[0042] In this embodiment, a second database (sometimes called a lookup map) is provided that maps the legacy device's identification (e.g., telephone number) with corresponding translation programs and location information for the translation programs. The second database can be located in each of the routing servers 31. In this embodiment, the database can include location information for only those translation programs relating to the legacy devices within its local telephone call area and the closest local telephone call area or areas, if any, that do not have a routing server.

[0043] Once the location of the translation program is identified, then the routing server downloads and executes the translation program, thereby converting the message from the legacy device. The converted message is then forwarded to the client.

[0044] It should be noted that the routing servers 31 are not required to know the legacy device's existence, location or identifier. The routing servers 31 simply respond to incoming messages or calls in the appropriate manner, performing message protocol translations identified in the messages, and then forwarding the message to the identified target system or device.

[0045] Unlike the conventional system depicted in FIG. 1, the client computer 21, the lookup computer 25 and the routing computers 31 can be located long distances away from each other without having to make long distance telephone calls to send messages between the client computer 21 and the legacy devices 17. This advantage is more apparent in the following exemplary embodiment.

Meter Embodiment

[0046] As noted above, for a client computer to send and receive a message to a legacy device that can communication via a modem but cannot communicate via the Internet, the client computer must establish a telecommunication link. When the legacy device is not located within a local telephone call area, long distance telephone calls have to be made. As discussed in the Background section, when a large number of legacy devices must be called, the long distance telephone charge can accumulate to become a significant financial burden.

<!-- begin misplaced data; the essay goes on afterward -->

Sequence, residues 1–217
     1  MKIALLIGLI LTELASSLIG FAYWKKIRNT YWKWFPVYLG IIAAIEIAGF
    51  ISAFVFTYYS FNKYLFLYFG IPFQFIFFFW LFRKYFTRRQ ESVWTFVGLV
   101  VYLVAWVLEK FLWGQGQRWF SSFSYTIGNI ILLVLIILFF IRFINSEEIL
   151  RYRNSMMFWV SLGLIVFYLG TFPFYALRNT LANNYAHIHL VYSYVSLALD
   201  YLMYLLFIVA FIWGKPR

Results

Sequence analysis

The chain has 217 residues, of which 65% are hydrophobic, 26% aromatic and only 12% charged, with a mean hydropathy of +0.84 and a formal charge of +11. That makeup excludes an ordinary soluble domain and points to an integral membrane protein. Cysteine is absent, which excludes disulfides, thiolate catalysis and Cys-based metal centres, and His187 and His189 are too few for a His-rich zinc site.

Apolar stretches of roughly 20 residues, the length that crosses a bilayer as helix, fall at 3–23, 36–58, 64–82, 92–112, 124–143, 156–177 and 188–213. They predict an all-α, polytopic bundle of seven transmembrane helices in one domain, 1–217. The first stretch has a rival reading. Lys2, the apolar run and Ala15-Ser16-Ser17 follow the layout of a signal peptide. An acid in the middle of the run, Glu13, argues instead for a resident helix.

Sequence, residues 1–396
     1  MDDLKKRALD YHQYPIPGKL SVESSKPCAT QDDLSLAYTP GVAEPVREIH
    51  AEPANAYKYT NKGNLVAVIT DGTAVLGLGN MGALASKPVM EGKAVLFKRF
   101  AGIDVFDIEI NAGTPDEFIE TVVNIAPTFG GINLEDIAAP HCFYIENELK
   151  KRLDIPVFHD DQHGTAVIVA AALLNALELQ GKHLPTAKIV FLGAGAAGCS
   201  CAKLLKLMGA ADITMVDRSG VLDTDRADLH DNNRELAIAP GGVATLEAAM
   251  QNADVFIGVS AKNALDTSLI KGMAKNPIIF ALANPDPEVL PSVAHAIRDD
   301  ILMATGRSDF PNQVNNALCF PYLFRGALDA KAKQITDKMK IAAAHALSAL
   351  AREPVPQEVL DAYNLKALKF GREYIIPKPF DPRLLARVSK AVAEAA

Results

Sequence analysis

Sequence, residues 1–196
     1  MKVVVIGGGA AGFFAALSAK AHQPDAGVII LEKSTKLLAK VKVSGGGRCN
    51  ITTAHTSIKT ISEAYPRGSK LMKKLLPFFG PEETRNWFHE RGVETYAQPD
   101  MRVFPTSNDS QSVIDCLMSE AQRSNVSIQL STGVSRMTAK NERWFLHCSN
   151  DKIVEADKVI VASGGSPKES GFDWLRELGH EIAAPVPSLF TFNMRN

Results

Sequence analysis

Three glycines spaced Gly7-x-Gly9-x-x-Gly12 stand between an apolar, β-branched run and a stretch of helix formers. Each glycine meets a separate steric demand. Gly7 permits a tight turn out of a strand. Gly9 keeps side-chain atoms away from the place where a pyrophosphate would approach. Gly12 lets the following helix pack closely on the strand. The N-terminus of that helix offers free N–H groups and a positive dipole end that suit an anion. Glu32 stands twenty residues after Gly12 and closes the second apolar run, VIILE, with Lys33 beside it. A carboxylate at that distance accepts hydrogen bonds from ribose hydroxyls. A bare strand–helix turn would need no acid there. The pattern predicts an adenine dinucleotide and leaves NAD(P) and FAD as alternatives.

[0047] This is more apparent with many companies' that may need to aggregate, analyze and distribute data collected from modem-enabled legacy devices as part of day to day operation. In particular, for an electrical or water utility company, a utility information aggregator may collect data from meters using telephone-based automated meter reading (AMR) technologies, and then present and process bills for the regional utility. In many cases, an application located in a remote data center can establish communication links with the meters using a toll-free or other long distance telephone service. As discussed above, the cost of making such telephone calls can become a significant portion of operating expense.

[0048] In the present invention, instead of using a toll-free telephone connection as discussed above, the communication between the meters and the data center can be achieved via the Internet. As an example, the following request can be sent to the Internet from a computer in the data center:

http://server/program?phone=6145551212&translatorrepository/translator.class=com.meter.device&method=readkWh

[0049] The above example request, when executed by a server, causes the application located in remote data center to establish a communication link with a modem located at the telephone number “614-555-1212” and download translation program located in “com.meter.devce.” In turn the translation program converts the commands so that the converted command, e.g., “readkWh”, read Kilo wattage, can be executed by a meter connected to the modem.